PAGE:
There is no doubt that we love our cars and watching a movie is our standard fallback plan for the weekend and from this love emerged the concept of drive-ins that rose to popularity in the 1950’s and still exist in certain parts of the country. Drive-ins are very much American as it can get and it offers a great way for the people to enjoy their favorite movies at affordable rates and also bringing the community together on a sticky summer night which has become a rarity these days. Let’s take a quick look at some of the lost drive-ins in West Michigan.
Portage Drive-in Theatre
Location: 5528 Portage Rd Kalamazoo, MI
Opened in 1948 in the Kalamazoo City, Portage Drive-In Theatre offered a great way for the audience to enjoy a movie experience like no other. Located right across the street from the Kalamazoo Airport it was the coolest drive-in that also had stepped ramps. The drive-in also had a tiered parking which was quite unique in its time. The drive-in was owned by Butterfield Theatres and could accommodate 400 patrons at a time. The drive in was closed and torn down in 1983 and Sam’s Club Store building was built on the site. Later, it moved to a new location and State Farm Insurance moved into the building.
M-104 Drive-in Theatre
Location: 14950 Cleveland Spring Lake, MI
Opened in 1955 in the Ottawa county and Spring Lake city, the M-104 Drive-in Theatre has remained one of the popular drive-in theatres that had two screens. Initially, the drive-in had one screen, but in 1979 the second screen was added which didn’t last longer and was shut down in 1982. Many claim that it was also called as the Oasis Drive-in, but there is still no clarity about it. The drive-in would definitely pull in crowds for the Saturday Night movies.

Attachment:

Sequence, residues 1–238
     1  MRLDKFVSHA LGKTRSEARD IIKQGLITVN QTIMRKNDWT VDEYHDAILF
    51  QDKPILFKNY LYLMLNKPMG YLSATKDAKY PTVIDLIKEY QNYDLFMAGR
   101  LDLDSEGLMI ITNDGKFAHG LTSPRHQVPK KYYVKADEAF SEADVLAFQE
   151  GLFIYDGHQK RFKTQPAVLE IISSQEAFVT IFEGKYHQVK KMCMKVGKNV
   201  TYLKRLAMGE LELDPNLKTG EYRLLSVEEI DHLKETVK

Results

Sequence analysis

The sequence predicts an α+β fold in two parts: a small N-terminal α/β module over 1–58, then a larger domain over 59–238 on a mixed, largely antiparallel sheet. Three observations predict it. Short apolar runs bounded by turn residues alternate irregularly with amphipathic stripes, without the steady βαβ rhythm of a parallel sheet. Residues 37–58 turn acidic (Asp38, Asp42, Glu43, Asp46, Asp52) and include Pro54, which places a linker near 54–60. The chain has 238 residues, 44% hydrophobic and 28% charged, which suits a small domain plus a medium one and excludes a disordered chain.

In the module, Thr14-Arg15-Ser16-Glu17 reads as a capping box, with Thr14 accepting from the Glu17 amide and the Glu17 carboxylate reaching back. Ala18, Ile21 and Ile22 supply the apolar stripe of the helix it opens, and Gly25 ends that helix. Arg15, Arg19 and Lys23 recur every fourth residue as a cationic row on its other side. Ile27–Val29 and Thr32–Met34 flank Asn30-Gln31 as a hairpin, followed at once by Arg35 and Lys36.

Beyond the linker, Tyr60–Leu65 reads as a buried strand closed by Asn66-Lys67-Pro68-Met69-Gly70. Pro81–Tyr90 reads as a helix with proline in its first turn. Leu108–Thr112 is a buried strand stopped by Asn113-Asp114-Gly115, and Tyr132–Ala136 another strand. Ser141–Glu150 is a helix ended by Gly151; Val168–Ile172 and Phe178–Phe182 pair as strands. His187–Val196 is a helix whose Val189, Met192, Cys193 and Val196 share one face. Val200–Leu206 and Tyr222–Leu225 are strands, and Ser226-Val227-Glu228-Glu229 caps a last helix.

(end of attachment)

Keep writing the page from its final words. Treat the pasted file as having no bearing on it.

Cascade Drive-in Theatre
Location: 5050 28th St SE Cascade, MI
Opened in 1969, Cascade Drive-in Theatre in the Kent County was located in Cascade. The drive-in property was owned by National Amusements and Redstone. It was certainly one of the largest drive-in theatres in the United States with the capacity of 2500 patrons. When it opened it was the first twin drive-in for the state and had screens on either side of the 2,300 car area. It also featured a cafeteria style refreshment stand and also featured a kiddie’s playground. The drive-in was closed in the year 1992 and now a Costco and Target sit on the site where Cinema Drive-In and Showcase Cinema stood.
Plainfield Drive-in Theatre
Location: 4900 Plainfield Ave NE Grand Rapids, MI
Opened in 1957, Plainfield Drive-in Theatre was owned by Jack Loeks Theatres and would accommodate 1000 people. The theatre certainly offered a great experience for the audience offering them wonderful memories. The drive-in theatre was in the Kent County and located in Grand Rapids offering a perfect weekend movie experience. Alfred Hitchcock’s Psycho and Gods Half Acre and Splendor in the Grass were some of the movies that were shown here. The theatre was closed in 1990 and later demolished. The site is now a residential street called Cinema.
Vista Drive-in Theatre
Location: 4500 Lake Michigan Dr Walker, MI